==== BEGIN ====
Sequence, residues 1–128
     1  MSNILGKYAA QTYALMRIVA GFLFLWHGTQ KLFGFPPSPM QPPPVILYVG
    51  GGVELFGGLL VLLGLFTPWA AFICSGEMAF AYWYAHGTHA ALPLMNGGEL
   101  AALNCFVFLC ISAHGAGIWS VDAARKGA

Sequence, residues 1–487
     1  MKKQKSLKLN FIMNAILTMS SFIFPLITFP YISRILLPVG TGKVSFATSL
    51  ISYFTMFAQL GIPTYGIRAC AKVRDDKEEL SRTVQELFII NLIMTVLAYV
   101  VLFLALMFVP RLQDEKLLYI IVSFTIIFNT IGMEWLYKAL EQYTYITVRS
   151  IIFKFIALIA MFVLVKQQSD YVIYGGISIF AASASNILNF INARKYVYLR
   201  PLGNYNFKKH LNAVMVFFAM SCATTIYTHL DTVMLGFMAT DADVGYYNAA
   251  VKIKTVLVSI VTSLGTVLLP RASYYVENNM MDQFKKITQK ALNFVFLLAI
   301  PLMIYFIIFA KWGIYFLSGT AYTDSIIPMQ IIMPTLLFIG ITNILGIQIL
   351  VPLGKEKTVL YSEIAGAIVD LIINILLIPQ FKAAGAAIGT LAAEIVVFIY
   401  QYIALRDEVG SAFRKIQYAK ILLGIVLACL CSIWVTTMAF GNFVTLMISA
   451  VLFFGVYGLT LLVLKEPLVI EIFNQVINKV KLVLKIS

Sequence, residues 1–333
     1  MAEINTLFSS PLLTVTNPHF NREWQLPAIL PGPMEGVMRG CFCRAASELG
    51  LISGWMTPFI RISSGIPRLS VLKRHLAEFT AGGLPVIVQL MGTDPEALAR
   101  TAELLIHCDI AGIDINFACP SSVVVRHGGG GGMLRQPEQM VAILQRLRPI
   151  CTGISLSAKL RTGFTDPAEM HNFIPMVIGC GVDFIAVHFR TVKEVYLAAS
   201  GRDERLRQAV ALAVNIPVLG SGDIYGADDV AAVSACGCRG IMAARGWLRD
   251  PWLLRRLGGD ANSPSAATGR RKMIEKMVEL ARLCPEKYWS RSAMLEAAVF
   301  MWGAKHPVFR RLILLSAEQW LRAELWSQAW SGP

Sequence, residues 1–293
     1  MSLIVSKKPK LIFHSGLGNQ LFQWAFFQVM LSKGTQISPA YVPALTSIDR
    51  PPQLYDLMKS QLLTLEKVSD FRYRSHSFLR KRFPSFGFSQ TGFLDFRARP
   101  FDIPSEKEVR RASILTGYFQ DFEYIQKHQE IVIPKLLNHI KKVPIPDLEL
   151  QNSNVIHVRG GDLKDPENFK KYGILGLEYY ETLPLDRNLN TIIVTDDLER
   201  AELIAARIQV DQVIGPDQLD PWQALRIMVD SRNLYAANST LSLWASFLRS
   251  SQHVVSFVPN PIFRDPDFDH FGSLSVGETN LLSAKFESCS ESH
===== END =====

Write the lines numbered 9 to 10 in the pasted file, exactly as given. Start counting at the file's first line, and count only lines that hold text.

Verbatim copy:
   151  IIFKFIALIA MFVLVKQQSD YVIYGGISIF AASASNILNF INARKYVYLR
   201  PLGNYNFKKH LNAVMVFFAM SCATTIYTHL DTVMLGFMAT DADVGYYNAA